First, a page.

Tuesday, January 20, 2009


We still laugh about it, Mt Fuji on hangovers. The evening after the World orienteering champs banquet 2005. The day had been 45 degrees, five of us in a small car faithfully following the gps and stopping regularly to try and find food that didn't involve some sort of bean curd (harder than you might suspect). We had been in sensory deprivation for weeks, marooned in our event accomodation in the hills above Toyota city. It felt now that Japan had been unleashed upon us. It was so hot, sticky, hazy and my head was throbbing.

Fuji is much like its kiwi counterpart Mt Taranaki in that you must drive to a certain height on the mountain and choose from varying levels of ascent length. We weren't going to let our toxic states make the decision, the longer and harder the better. Chris, Brent, Neil, Penny and I, honed athletic machines until yesterday. Carefree, careless, unprepared and under equipped, but the sky was clear as set off in the early evening.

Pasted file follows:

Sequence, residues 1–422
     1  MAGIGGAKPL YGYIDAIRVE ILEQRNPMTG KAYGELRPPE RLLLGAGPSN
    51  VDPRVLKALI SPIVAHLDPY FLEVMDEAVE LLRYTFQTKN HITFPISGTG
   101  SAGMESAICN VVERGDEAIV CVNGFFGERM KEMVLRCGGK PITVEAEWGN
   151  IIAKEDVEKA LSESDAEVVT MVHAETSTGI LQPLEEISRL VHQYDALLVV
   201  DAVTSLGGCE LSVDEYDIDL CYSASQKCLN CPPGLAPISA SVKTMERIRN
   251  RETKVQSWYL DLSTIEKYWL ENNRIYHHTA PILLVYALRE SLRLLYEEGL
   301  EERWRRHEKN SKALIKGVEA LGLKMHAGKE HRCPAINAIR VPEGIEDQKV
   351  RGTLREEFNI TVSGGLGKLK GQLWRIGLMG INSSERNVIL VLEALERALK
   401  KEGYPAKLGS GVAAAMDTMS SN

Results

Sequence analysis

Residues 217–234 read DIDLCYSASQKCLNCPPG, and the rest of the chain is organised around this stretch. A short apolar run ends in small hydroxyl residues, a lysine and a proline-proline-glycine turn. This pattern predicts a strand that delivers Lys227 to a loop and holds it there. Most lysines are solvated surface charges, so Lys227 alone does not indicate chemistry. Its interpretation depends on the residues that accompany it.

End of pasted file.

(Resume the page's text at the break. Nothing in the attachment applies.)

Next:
To extrapolate further I was the most hungover, the previous night had been very ugly, only mitigated by the fact that a brit and a german had succumbed first. I had taken others down with me. The jumping spider hadn't eaten me as Penny had feared it might, and there were enough people at the party to carry me home. My first steps up Fuji were agony. My quads were poisoned, my calves shapeless and my ankles wouldn't bend.

Fuji is a giant pile of sacred scree. As darkness fell upon us like a scratchy, lice ridden blanket infiltrated by grass seed we stumbled up it. I have still to this day never felt worse. The huts were closed to outsiders, square piles of stones amongst the chaos of the choss. Light glimmered from the cracks in their doorways but the only light that beckoned me was that shone in my eyes by my friends up the track. Brilliant, piercing, arcing torture zapping through my retina. We stopped for a sleep, limply and huddled in the limited shelter of a locked building. My silk liner didn't suffice and the warmth of Pennys sleeping bag only centimtres away gave me precious little vicarious comfort as my cold side snuggled up to a frozen wooden doorframe.